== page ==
United States Senator
July 16, 2008
Statement of U.S. Senator Russ Feingold
Senate Judiciary Committee Hearing on
"How the Administration's Failed Detainee Policies Have Hurt the Fight Against Terrorism: Putting the Fight Against Terrorism on Sound Legal Foundations"
July 16, 2008
Since 9/11, America has faced a great challenge: responding aggressively to those infamous acts of terrorism, and to the very real threat posed by al Qaeda, without abandoning our freedoms and democratic values. Unfortunately, this administration has not successfully met that challenge, and its detention and interrogation policies are a major reason for that failure.
The administration has claimed the right to pick up anyone, anywhere in the world and, by simply labeling him an "enemy combatant," lock him up for the rest of his life. Not only that, it has claimed the right to use abusive interrogation techniques on the people it detains - techniques that the U.S. government has condemned other countries for employing. Such violations of the rule of law can only diminish our credibility abroad and encourage the recruitment efforts of our enemies. In other words, these policies not only undermine the principles on which this country was founded, they are harmful to our national security.
But at last, there may be some light at the end of the tunnel. Our legal system has long relied on review by an independent and neutral decision-maker as a critical safeguard against wrongful detention. In particular, the writ of habeas corpus provides one of the most significant protections of human freedom against arbitrary government action ever created. The Supreme Court last month reiterated exactly that in its decision in Boumediene versus Bush.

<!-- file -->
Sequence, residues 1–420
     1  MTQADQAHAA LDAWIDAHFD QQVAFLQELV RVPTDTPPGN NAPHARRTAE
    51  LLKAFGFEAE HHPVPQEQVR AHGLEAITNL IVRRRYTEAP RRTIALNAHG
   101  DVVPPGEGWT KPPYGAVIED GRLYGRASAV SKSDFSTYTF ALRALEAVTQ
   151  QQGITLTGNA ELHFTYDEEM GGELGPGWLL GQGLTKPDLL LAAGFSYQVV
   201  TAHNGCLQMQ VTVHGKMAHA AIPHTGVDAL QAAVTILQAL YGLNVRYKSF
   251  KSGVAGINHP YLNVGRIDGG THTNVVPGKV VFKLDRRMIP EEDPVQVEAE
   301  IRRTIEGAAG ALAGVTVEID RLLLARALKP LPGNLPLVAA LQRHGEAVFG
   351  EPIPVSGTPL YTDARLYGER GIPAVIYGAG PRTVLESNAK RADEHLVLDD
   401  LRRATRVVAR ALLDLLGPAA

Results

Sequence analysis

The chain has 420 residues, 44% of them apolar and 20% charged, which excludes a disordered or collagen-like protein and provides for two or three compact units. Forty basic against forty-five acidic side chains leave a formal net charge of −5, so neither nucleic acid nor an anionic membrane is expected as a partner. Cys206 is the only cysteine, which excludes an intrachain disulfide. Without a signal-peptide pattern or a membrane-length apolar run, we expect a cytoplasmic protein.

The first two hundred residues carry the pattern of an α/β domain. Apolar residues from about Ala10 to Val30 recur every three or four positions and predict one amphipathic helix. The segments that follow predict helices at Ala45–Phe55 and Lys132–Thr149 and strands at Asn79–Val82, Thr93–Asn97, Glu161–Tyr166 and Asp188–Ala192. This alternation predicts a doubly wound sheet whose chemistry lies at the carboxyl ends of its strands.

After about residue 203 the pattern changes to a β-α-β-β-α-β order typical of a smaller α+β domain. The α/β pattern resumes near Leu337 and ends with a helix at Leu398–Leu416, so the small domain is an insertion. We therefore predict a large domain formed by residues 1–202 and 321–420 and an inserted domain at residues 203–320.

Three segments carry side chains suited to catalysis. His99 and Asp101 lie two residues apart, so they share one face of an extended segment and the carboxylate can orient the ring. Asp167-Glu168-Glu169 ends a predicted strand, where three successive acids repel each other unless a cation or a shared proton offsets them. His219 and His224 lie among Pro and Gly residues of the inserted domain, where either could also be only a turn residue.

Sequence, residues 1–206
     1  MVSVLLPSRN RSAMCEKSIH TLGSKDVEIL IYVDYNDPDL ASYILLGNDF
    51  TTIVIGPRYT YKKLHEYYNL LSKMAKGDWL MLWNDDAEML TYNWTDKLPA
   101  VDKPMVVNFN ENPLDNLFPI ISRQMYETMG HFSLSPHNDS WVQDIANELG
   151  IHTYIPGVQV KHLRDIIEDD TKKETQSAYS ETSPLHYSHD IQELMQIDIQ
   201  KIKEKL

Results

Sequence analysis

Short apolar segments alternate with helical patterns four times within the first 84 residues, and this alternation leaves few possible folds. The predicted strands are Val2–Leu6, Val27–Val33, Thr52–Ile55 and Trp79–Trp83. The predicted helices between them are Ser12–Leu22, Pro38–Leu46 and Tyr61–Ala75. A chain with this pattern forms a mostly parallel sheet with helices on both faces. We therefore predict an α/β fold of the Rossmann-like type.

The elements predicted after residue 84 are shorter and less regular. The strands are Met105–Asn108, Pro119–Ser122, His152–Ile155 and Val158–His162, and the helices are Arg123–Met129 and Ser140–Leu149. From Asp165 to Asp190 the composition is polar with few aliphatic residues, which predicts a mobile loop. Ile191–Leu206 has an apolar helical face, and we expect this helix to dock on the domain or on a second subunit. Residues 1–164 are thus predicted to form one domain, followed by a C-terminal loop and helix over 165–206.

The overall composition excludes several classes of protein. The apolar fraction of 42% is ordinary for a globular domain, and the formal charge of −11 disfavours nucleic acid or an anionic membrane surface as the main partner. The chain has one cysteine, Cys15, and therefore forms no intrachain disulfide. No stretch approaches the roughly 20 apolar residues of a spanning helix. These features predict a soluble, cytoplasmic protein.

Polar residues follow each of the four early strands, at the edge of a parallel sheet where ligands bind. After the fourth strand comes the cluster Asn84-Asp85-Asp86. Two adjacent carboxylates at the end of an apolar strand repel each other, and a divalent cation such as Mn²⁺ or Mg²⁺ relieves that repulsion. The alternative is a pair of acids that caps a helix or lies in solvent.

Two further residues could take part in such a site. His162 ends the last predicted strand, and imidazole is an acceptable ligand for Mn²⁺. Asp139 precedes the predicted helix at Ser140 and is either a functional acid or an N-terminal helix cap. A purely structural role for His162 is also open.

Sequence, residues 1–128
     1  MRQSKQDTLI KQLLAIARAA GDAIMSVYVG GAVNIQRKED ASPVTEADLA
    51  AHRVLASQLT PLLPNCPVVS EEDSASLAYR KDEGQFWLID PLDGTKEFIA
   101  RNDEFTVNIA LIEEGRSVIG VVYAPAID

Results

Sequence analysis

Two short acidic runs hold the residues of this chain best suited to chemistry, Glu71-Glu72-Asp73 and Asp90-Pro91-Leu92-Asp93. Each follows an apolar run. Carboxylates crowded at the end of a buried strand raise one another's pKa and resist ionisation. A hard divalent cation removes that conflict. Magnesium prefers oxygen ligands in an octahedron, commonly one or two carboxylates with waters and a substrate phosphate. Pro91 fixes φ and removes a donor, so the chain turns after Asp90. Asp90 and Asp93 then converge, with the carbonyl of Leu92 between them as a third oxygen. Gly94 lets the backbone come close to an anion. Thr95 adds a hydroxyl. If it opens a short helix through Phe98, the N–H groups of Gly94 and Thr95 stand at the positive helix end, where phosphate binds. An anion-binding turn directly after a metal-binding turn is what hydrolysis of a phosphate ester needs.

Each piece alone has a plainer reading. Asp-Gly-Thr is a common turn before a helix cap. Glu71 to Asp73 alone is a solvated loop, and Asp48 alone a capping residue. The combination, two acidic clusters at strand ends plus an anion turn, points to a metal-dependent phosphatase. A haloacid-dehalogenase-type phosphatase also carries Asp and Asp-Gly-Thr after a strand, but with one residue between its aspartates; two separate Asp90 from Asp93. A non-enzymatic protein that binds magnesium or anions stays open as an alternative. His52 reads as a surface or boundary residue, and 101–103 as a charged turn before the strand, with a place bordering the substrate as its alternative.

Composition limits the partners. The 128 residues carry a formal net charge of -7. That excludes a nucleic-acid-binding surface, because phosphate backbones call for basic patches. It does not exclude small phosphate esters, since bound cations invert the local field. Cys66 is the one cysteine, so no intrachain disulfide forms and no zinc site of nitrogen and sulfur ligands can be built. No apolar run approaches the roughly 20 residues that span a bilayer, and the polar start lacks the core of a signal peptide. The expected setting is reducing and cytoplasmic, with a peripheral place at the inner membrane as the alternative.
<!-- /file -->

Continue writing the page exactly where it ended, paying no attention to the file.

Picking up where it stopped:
The Court struck down the provisions in the Military Commissions Act that tried to strip detainees of the long-standing right to challenge their detention via habeas corpus, and reaffirmed that the government does not have the power to detain people indefinitely and arbitrarily without adequate judicial review. As Justice Kennedy said in his majority opinion, "The laws and Constitution are designed to survive, and remain in force, in extraordinary times. Liberty and security can be reconciled; and in our system they are reconciled within the framework of the law."
I could not agree more. There were undoubtedly difficult legal issues raised in the case, but the decision is fundamentally sound. I am dismayed by those who attacked the decision. Americans should all be grateful that the Supreme Court has again rejected the extreme arguments put forth by this administration. The decision represents the best of our nation's legal system, and we should celebrate the Court's courage and independence in making it.
I am pleased that the committee is considering today how best to move past the destructive and counter-productive detention and interrogation policies of this administration. We can - and must - combat al Qaeda aggressively while maintaining our principles and our values.